After that, however, a heatwave at the end of July, led to a considerable loss of ice. 

In terms of “total mass balance” (the sum of surface melting and loss of ice chunks from icebergs, in addition to the melting of glacier “tongues” in contact with seawater), the ice sheet lost around 166 billion tonnes during the 12-month period ending in August 2021. 

Climate change 

These numbers mean the ice sheet ended the season with a net surface mass balance of approximately 396 billion tonnes, making it the 28th lowest level recorded, in the 41-year time series.  

This could be considered an average year, but Polar Report notes how perspectives have changed, due to rapidly advancing climate change. 

At the end of the 1990s, for example, these same figures would have been regarded as a year with a very low surface mass balance. 

The report also notes that the cause of the early summer chill, could be due to conditions over southwest Canada and the northwest United States. 

In these territories, an enormous “blocking” high pressure system was formed, shaped like the Greek capital letter Omega (Ω). 

This flow pattern occurs regularly in the troposphere, and not just over North America, but it had never been observed with such strength before. 

According to the report, an analysis by World Weather Attribution demonstrated that it could only be explained as a result of atmospheric warming caused by human activity. 

Notable year 

According to the report, 2021 was notable for several reasons. 

It was the year in which precipitation at Summit Station, which is located at the top of the ice sheet at an altitude of 3,200 metres above sea level, was registered in the form of rain. 

The year also saw an acceleration of the loss of ice at the Sermeq Kujalleq glacier, where the rate of loss had otherwise been stagnant for several years. 

Winter snowfall was also close to average for the period between 1981 and 2010, which was good news, because a combination of low winter snowfall and a warm summer can result in very large losses of ice, as was the case in 2019.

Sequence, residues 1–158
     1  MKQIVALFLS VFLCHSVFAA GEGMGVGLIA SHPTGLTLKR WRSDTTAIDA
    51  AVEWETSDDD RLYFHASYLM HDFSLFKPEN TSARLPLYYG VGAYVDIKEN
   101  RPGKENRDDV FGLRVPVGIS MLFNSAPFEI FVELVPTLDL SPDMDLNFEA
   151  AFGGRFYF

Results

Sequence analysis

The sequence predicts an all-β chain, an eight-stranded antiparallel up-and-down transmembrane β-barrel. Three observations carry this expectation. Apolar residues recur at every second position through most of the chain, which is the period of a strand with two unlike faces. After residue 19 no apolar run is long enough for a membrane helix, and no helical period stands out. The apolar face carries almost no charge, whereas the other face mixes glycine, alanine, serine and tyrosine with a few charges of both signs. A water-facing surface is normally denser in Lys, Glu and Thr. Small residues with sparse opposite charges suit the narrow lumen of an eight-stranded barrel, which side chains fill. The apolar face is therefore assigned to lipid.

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Environment

2022: Emergency mode for the environment

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As the new year gets underway, the world continues to grapple with a number of familiar challenges – the continued COVID-19 pandemic, resurgent wildfires, enduring crises of climate change, biodiversity loss, and pollution and waste. Yet, 2022 could prove to be a seminal year for the environment, with high-level events and conferences scheduled, which are hoped to re-energize international cooperation and collective action.

The coming year will also mark two golden jubilees. In 1972, the world took up the environmental mantle at the historic UN Conference on the Human Environment in Stockholm. The meeting firmly placed the environment on the priority list of governments, civil society, businesses and policymakers, recognizing the inextricable links between the planet, human well-being and economic growth. Now, fifty years later, the Stockholm+50 meeting in June 2022 will commemorate the event, reflect upon half a century of global environmental action and look forward.

The Stockholm Conference also birthed the United Nations Environment Programme (UNEP), the UN entity mandated to monitor the state of the environment, inform policymaking with science and galvanize action. For fifty years since, UNEP has used its convening power and rigorous scientific research to coordinate a global effort to tackle environmental challenges. A series of activities will mark UNEP’s 50th anniversary this year.

UNEP is going into 2022 with a new “Medium-Term Strategy” featuring seven interlinked subprogrammes for action: Climate Action, Chemicals and Pollutions Action, Nature Action, Science Policy, Environmental Governance, Finance and Economic Transformations and Digital Transformations. The strategy was agreed at 2021’s fifth session of the UN Environment Assembly; the resumed session, known as UNEA 5.2 will take place in February 2022. Under the overarching theme of ‘Strengthening Actions for Nature to Achieve the Sustainable Development Goals’, discussions will highlight the pivotal role of nature in social, economic and environmental sustainable development.

June will be a busy month on the environmental calendar. On the 5th, the world will come together to celebrate World Environment Day. Led by UNEP and held annually since 1974, the day has grown to be the largest global platform for environmental outreach, with millions of people engaging to protect the planet. This year’s event will be hosted by Sweden, under the campaign slogan “Only One Earth“, with a focus on living sustainably in harmony with nature.  

While this timeline of environmental achievements is proof of what can be achieved through multilateral action, the science remains irrefutable. Unsustainable patterns of consumption and production are fuelling the triple planetary crisis of climate change, nature and biodiversity loss, and pollution and waste. UN Secretary-General António Guterres has warned that the triple crisis is humanity’s number one existential threat.